A Tip for Finding Freedom From Worrying

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I was recently listening to a podcast recommended to me by a friend who happens to be a runner. It was episode 188 of The Running Lifestyle Show. The topic was actually acupuncture, which I'll definitely be sharing more about in the future. The thing that really grabbed me was right at the end, and I knew I wanted to share it with you!

Health is SO much more than nutrition. It's also about sleep, movement, taking time for yourself, finding joy in life, and reducing stress.

Worrying can be a source of stress for many people, including myself from time to time. You know that feeling when you lay down to sleep and your mind starts racing? Or you wake up in the middle of the night and that flight you have to take or important conversation you need to have pop into your head? Here's an approach shared by Kari on the podcast to help calm your worrying, reduce your stress, and improve your sleep.

When a worry arises, acknowledge it and determine a specific time you'll dedicate to thinking about it. If it's the middle of the night, you might determine you'll think about it at 7am when you wake up. This will hopefully allow you to fall back to sleep without trying to get rid of the worry completely.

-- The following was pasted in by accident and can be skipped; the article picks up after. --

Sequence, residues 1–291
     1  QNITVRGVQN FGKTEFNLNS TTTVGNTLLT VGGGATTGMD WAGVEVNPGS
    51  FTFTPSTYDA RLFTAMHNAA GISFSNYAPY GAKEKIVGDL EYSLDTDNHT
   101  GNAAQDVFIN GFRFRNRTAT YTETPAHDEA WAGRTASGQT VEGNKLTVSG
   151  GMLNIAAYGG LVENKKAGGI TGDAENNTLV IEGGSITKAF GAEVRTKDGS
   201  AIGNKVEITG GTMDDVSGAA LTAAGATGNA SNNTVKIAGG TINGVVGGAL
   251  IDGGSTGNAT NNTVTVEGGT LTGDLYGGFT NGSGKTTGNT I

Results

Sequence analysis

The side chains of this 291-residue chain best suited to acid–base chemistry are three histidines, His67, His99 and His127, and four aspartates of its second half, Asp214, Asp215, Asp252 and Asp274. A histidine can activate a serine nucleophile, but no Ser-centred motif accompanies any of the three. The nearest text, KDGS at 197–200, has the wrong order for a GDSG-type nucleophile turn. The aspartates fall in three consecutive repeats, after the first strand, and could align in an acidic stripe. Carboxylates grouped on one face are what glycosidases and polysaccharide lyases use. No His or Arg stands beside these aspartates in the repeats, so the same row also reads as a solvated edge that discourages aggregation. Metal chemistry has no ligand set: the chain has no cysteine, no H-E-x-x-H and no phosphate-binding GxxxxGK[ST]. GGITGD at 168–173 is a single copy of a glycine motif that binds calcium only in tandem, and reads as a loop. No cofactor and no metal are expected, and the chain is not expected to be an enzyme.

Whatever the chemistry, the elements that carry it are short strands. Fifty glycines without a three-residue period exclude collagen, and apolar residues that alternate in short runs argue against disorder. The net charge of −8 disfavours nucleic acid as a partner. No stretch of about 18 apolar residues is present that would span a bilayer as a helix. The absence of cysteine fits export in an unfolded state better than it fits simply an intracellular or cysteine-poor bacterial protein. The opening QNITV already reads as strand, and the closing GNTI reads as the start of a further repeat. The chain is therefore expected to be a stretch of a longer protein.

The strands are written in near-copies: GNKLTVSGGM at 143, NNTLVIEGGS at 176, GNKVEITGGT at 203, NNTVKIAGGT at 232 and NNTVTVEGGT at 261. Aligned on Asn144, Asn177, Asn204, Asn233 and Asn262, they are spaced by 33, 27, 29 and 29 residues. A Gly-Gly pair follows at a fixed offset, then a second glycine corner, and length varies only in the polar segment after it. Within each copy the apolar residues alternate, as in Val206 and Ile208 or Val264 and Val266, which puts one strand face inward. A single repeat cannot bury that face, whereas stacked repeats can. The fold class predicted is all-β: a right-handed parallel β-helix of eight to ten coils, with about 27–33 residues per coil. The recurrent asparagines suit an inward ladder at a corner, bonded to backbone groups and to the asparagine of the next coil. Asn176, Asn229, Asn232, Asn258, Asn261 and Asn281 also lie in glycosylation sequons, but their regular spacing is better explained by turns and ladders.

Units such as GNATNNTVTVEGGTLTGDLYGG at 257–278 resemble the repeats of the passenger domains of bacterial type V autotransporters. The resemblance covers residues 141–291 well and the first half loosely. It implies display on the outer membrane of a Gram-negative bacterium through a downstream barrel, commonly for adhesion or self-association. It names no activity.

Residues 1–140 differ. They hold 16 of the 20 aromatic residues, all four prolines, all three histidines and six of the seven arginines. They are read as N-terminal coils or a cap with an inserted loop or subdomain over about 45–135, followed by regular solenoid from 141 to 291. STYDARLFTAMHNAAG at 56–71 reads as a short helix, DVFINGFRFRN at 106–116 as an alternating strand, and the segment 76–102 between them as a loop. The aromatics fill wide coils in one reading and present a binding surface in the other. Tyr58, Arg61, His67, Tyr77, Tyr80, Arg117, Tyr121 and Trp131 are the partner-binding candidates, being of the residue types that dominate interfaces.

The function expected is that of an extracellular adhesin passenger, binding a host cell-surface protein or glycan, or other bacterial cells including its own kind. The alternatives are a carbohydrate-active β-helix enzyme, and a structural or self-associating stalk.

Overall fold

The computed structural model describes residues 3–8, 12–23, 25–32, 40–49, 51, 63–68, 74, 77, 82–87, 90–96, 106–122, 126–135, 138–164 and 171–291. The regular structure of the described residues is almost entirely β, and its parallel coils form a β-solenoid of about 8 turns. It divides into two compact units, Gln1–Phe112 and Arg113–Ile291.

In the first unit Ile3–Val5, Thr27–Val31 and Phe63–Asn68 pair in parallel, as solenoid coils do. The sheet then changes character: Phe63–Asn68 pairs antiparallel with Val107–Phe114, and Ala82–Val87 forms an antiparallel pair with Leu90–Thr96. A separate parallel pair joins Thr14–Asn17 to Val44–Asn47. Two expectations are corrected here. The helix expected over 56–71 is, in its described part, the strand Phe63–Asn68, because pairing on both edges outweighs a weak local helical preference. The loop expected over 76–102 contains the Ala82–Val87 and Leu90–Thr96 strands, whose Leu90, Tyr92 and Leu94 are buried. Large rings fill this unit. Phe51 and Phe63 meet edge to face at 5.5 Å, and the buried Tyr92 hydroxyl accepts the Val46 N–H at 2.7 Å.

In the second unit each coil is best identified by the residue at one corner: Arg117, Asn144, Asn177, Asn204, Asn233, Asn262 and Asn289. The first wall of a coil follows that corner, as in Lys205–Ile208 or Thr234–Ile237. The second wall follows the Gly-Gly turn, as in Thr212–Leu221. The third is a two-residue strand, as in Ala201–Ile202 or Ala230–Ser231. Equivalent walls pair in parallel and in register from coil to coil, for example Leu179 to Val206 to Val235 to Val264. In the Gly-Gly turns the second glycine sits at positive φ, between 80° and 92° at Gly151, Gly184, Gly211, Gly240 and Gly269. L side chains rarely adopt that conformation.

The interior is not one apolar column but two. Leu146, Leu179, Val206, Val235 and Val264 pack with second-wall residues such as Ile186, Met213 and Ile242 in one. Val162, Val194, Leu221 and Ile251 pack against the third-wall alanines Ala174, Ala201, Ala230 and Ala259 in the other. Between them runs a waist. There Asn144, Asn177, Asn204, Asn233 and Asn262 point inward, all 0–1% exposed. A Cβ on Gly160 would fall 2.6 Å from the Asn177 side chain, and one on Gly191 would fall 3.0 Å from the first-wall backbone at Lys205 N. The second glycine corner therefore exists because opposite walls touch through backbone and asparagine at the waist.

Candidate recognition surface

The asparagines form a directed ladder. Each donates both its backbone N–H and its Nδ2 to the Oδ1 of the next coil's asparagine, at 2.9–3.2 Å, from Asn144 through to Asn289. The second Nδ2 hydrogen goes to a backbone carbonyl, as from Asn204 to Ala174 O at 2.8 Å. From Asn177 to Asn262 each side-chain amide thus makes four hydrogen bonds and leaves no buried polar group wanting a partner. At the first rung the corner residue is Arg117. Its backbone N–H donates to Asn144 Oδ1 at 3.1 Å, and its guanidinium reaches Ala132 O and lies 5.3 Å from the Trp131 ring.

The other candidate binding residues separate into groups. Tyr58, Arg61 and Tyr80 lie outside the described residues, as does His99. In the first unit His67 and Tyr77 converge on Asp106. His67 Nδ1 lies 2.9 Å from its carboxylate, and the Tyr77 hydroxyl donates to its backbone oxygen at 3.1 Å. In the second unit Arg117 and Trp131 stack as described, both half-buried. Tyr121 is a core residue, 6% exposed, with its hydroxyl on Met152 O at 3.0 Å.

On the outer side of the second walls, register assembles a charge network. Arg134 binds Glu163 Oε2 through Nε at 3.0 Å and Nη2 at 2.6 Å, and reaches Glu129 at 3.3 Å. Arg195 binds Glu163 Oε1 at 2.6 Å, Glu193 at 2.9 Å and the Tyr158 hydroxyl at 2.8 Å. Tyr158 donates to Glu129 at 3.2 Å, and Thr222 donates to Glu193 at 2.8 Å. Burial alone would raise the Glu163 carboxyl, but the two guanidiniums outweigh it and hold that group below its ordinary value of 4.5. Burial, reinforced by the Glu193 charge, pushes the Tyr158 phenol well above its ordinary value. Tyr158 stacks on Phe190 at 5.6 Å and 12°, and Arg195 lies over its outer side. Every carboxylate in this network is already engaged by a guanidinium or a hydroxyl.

When the time you're dedicating to the worry arrives, do the following forecasting exercise:

Worst case scenario: what is the absolute worst thing that could happen?

Best case scenario: what is the best thing that could happen?

Most likely: What is the most likely thing to happen?

Chances are, the worst case scenario will rarely happen, but this exercise will help you think through and prepare for whatever you're worrying about.

Here's an example of how this could be applied in real life based on something that often causes me to worry. Job interviews always tend to be stressful for me, even when I know I'm a great fit for the job. It feels like there is a lot of pressure to be absolutely perfect in these situations.

Worst case scenario: I don't get this particular job and I have to continue my search.

Best case scenario: The interview goes amazingly well and I get offered the job on the spot.

Most likely: There are things I could've done differently, but overall I feel good about how it went and I'll hear back from the hiring manager soon.

Now, whenever I'm starting to worry or hear someone else worrying, I can give this forecasting exercise a try. I hope you find it as useful in your life as I've found it to be in mine.

Posted on August 22, 2017 and filed under stress, mindfulness.